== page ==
The New Yorker‘s fascinating story about Cory Booker and Chris Christie’s grand plans for Newark’s schools, courtesy of Mark Zuckerberg’s millions. If you haven’t read it by now, you should. The plan was an ambitious and enormously expensive attempt to reconfigure the school system, and at least according to the New Yorker, it was also quite a boondoggle. Its changes are also likely a target of incoming Newark Mayor Ras Baraka, a noted foe of Booker’s and Christie’s agenda for education reform.In a piece building off the New Yorker, Reihan Salam marvels at the amount spent per student after the reform efforts hit full force in 2010: $26,000. As he says, you could do a lot with that kind of money, so why didn’t Newark? Because, he argues, pouring massive amounts of cash into an already dysfunctional system only magnifies the dysfunction:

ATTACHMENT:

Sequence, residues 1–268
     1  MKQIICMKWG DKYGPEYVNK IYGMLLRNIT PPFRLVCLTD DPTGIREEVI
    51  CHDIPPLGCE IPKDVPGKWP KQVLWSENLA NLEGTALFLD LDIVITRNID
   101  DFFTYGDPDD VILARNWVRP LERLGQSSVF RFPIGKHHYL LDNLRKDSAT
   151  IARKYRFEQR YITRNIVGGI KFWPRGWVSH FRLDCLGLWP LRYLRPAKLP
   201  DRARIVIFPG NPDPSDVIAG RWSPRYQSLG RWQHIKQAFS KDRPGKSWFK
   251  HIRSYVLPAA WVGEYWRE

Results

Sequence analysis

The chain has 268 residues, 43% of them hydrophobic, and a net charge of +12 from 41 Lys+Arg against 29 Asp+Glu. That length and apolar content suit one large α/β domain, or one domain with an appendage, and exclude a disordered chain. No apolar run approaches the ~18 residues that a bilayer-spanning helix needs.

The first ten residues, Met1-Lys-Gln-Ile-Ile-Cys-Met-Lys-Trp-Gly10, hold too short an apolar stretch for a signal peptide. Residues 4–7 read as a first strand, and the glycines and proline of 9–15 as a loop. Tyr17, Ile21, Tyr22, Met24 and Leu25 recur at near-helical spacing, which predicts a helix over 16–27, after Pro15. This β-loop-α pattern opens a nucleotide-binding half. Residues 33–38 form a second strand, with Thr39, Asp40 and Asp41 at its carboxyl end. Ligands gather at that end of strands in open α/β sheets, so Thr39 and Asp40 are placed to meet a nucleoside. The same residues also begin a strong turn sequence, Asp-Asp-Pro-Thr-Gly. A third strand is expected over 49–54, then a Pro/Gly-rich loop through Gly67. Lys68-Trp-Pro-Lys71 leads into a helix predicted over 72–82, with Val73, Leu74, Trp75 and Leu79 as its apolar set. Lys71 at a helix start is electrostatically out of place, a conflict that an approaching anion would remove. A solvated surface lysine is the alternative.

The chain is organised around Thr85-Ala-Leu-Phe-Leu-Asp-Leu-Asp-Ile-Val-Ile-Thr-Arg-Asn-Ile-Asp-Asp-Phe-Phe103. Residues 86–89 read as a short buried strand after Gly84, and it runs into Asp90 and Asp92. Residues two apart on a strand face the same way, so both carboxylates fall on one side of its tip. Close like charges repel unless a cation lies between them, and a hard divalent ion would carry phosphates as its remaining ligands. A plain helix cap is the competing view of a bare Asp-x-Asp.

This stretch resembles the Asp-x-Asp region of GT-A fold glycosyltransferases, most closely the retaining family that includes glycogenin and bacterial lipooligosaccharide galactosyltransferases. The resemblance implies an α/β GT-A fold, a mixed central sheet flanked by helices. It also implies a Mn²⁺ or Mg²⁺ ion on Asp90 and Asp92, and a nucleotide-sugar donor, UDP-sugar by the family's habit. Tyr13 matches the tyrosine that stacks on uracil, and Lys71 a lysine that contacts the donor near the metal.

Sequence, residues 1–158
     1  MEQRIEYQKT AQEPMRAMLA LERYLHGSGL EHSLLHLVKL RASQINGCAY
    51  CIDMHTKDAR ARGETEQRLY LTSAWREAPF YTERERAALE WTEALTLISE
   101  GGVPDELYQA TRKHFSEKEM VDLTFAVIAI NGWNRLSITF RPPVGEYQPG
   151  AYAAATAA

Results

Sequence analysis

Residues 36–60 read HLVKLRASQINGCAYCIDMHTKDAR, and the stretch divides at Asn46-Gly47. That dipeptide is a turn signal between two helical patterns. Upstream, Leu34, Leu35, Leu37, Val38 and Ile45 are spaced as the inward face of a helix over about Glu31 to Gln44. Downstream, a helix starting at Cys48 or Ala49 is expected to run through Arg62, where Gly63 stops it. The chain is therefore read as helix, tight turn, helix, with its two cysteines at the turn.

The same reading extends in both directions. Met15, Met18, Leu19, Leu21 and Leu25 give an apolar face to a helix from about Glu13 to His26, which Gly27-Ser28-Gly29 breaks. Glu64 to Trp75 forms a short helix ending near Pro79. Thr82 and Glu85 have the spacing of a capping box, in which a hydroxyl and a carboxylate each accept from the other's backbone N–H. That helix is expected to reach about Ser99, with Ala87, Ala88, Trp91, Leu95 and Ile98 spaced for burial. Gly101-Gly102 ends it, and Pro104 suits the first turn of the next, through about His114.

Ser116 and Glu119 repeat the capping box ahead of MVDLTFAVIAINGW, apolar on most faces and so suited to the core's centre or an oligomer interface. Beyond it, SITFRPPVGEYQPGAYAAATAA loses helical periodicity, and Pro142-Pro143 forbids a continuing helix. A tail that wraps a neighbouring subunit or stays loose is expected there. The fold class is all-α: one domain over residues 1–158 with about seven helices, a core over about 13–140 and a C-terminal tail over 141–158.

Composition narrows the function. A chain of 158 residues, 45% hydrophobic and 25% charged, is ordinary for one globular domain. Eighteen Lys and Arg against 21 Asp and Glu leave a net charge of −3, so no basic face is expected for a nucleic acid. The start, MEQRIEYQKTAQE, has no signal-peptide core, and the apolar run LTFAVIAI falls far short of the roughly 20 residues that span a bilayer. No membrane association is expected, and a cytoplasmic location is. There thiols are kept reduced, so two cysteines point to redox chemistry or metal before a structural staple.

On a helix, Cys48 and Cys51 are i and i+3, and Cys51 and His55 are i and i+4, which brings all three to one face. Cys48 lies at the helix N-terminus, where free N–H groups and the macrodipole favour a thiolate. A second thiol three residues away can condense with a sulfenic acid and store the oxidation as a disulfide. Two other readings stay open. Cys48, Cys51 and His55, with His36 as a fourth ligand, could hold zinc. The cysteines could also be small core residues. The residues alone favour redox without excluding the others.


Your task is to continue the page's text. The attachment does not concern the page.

If you really care about public education, calling for more spending is exactly the wrong thing to do. Pouring more money into dysfunctional schools gives incompetent administrators the excuse they need to avoid trimming bureaucratic fat and shedding underutilized facilities and underperforming personnel. It spares them the need to focus on the essentials, or to rethink familiar models. The promise of constant spending increases is what keeps lousy schools lousy. When private businesses keep failing their customers year after year, they eventually go out of business. When public schools do the same, they dupe taxpayers, and the occasional tech billionaire, into forking over more money.
Salam goes on to make a point that should be familiar to TAI readers: that an important part of education reform is avoiding the temptation to throw money at centralized, one-size-fits-all plans. We need a flexible system—one that gives states, districts, and even principals and teachers the freedom to experiment and to adopt the models that work best in their particular circumstances.